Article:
Let’s say you’re considering purchasing the stock of a specific car manufacturer. You would be better off knowing, for example, if this car manufacturer is heavily investing in battery technology. Or are they behind the curve when it comes to green technology? 

Alternatively, if the car manufacturer is facing regulatory or compliance issues (e.g., the Volkswagen EPA lawsuit) this might have a dramatic impact on its stock’s current and future price.

3. Gain Multiple Perspectives on the Best Stocks

You can be a lone wolf when investing and pick your own stocks based on your own research. But it’s still a good idea to gather perspective from expert investors and peers. 

You can lean on a stock research tool for educational advice. Here are a few favorites.

Seeking Alpha

Seeking Alpha is a well-known investment community, offering stock market news and insights, investing tips, research tools, and earnings reports.  

Morningstar

Morningstar is an independent research firm that provides ratings and stock screeners to help investors make purchase decisions. One of Morningstar’s popular tools is Instant X-Ray, which can give you better visibility into your mutual fund holdings. 

Yahoo Finance 

Check out Yahoo Finance for free stock quotes, portfolio management resources, global market data, and even mortgage rates.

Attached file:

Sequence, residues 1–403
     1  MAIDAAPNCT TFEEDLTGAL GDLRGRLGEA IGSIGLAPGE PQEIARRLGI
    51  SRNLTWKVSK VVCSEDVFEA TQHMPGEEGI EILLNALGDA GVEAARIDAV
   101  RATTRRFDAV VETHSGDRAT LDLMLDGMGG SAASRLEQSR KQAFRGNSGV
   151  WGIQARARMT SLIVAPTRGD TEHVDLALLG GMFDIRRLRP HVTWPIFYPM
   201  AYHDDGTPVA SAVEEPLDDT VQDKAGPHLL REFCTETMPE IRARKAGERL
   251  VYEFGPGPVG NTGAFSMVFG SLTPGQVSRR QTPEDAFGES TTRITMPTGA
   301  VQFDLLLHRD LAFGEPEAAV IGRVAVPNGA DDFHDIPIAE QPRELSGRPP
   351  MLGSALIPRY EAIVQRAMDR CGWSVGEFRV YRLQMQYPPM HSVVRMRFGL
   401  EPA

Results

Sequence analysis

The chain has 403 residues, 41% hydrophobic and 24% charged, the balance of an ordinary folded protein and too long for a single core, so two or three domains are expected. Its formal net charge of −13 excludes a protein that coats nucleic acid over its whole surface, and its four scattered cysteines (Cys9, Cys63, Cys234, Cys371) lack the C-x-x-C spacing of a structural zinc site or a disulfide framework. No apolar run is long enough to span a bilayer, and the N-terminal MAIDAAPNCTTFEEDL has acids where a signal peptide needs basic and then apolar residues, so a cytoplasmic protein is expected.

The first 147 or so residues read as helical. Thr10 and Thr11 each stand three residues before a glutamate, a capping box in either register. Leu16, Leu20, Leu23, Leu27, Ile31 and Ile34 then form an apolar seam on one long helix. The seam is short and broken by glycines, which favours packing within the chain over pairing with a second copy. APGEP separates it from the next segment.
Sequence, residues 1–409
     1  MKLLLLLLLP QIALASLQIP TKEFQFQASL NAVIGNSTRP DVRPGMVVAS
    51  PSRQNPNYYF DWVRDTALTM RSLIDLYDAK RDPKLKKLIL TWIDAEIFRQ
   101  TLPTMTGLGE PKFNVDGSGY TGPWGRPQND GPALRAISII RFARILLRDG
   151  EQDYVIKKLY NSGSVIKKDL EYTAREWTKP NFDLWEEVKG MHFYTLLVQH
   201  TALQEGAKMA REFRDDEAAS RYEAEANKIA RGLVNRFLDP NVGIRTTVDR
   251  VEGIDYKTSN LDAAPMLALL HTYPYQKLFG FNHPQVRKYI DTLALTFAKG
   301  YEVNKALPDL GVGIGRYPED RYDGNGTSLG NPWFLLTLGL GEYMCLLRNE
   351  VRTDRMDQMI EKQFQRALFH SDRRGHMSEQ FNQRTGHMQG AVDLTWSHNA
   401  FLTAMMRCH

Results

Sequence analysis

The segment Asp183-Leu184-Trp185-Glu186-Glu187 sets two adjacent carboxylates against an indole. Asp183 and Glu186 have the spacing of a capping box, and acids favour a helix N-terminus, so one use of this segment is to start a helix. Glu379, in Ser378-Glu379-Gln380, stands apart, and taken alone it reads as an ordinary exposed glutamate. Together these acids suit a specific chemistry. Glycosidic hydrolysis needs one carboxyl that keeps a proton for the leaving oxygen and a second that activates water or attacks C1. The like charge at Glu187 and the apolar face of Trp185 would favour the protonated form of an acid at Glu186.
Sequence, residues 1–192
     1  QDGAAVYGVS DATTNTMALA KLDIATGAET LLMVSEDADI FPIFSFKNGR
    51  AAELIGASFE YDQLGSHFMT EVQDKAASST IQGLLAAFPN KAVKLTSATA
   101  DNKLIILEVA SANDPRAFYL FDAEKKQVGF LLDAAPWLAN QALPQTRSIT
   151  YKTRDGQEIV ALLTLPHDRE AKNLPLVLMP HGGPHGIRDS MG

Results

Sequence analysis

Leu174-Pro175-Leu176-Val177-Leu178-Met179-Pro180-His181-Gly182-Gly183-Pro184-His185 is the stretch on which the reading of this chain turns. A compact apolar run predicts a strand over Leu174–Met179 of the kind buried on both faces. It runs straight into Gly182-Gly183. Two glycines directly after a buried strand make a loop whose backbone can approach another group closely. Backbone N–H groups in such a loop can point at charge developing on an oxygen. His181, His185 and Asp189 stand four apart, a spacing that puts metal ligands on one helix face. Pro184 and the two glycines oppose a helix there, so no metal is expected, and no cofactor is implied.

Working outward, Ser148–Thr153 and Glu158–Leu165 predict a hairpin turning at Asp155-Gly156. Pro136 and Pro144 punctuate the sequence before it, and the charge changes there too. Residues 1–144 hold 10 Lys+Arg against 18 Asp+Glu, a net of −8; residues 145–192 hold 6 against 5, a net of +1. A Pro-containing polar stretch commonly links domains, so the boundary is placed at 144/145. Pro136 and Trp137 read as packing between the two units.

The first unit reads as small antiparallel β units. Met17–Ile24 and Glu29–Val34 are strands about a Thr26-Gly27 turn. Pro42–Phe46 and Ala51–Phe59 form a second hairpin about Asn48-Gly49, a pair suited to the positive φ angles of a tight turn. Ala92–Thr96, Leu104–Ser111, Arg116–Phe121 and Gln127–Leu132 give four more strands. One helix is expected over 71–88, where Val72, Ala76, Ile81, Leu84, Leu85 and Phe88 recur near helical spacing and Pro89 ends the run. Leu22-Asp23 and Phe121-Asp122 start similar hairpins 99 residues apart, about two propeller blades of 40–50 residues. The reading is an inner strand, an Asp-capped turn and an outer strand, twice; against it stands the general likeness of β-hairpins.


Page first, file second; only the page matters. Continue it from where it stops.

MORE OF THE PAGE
The Motley Fool

The Motley Fool offers helpful resources to its subscribers, including discussion boards and premium stock recommendation services like Stock Advisor and Rule Breakers.

Pick Like A Pro

Where to invest $500 right now

Are you ready for “maximum upside?”

Motley Fool Rule Breakers is led by legendary investor David Gardner and pinpointed Tesla at $6.29, Salesforce at $6.89, and Shopify at $21.02. (It trades for more than $1,000 per share today!)

Here’s why you’ll want to get the full details on Rule Breakers today. The service just announced its top 10 “best buys now” across the entire stock market. Whether you’re starting with $100, $500, or more, you’ll want to get the full details!

Click here to learn more

Frequently Asked Questions

What is Fundamental vs. Technical Analysis?